replied
    So I put some glass bottles on top of my concrete slab. Last night got half of my vcrete poured (6:1 ratio). Today Ill finish the rest of the 7 vcrete pour. Then, any recommendations on how long until I start my floor bricks? And, also, should I put a thin course of sand down on top of the vcrete before laying the floor bricks?
    Thanks all!

    Leave a comment:


  • david s
    replied
    Re: Vermiculite:Cement ratio

    For those working with vermicrete, because it takes so much water there is way more than is required for the hydration process, so I never bother to cover it. The greater problem is trying to remove the water safely. It is easier to allow sun and wind to do much of this if the conditions are right and you can afford the time. See attached experiment.
    Attached Files

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  • GrahamG
    replied
    Re: Vermiculite:Cement ratio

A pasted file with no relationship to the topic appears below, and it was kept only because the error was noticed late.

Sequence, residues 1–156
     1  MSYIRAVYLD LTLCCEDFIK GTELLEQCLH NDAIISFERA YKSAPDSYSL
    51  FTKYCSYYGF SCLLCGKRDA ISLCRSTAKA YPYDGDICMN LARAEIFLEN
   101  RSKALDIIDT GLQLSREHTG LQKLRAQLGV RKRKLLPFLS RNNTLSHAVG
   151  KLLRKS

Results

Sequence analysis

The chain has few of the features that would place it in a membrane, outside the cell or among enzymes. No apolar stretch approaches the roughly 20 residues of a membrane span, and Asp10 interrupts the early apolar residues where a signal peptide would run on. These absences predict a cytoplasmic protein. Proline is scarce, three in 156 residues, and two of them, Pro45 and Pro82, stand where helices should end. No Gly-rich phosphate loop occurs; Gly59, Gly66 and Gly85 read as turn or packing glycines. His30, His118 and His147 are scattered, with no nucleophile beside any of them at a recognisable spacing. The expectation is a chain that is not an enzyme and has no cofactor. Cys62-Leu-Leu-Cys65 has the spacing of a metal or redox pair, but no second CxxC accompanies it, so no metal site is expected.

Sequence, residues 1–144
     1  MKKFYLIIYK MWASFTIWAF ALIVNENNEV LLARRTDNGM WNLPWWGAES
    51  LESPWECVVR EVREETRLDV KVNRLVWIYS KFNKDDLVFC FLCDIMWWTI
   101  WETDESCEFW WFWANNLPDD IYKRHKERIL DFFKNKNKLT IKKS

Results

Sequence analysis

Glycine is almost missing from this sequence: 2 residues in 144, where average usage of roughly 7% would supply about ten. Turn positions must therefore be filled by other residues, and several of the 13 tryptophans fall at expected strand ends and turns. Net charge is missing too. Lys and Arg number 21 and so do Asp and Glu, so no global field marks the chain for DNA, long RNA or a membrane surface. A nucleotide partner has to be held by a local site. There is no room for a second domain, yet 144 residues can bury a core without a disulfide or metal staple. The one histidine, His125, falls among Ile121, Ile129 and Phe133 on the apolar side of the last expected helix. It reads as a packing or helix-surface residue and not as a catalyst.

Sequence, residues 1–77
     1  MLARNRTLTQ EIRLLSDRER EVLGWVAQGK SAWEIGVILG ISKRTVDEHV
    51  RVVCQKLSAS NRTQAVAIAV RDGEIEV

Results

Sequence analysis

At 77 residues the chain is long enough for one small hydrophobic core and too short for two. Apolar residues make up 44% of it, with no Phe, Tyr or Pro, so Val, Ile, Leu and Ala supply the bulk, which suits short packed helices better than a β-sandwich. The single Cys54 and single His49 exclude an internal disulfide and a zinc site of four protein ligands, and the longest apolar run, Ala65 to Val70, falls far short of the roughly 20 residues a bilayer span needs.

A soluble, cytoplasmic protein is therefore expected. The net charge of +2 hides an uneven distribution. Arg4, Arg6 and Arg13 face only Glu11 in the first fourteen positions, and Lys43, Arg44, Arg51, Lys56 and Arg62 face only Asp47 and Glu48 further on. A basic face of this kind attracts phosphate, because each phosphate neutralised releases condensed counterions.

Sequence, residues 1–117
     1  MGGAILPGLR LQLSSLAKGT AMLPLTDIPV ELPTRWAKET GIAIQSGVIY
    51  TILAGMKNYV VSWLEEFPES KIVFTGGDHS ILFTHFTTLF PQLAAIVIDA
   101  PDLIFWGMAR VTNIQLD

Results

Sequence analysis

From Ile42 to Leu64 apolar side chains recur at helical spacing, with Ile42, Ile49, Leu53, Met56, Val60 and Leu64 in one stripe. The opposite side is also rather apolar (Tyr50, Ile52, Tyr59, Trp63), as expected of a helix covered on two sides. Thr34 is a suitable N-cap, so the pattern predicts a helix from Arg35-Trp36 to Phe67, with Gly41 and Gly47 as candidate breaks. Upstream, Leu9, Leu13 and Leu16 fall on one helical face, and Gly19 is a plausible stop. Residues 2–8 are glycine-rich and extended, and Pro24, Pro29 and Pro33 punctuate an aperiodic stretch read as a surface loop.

We created an enclosure around the dome, wrapped the dome in a 4" thick layer of fire blanket and filled the enclosure 6" above the dome with vermiculite.

    The oven keeps hot until the following afternoon.

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  • cobblerdave
    replied
    Re: Vermiculite:Cement ratio

    Originally posted by david s View Post
    The finer grade is a bit easier to work, but requires more water which needs to be removed after it's set. I use a medium grade and have found a 50/50 mix of perlite and vermiculite makes a more workable mix than either alone, can't explain why. Also a little clay added helps make a more workable mix. I use about half a handful per litre of cement.
    Gudday
    Interesting point about adding clay to the mix, anything to make it easier to work with . A lot like fireclay in the "homebrew" mortar ?
    I also understand how adding vermiculite would fill up the spaces in-between the spheres of pearlite.
    Regards dave

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  • RichC
    replied
    Re: Vermiculite:Cement ratio

    For the dome I had to increase the water quite a bit to make the vermicrete workable and stop it just crumbling away.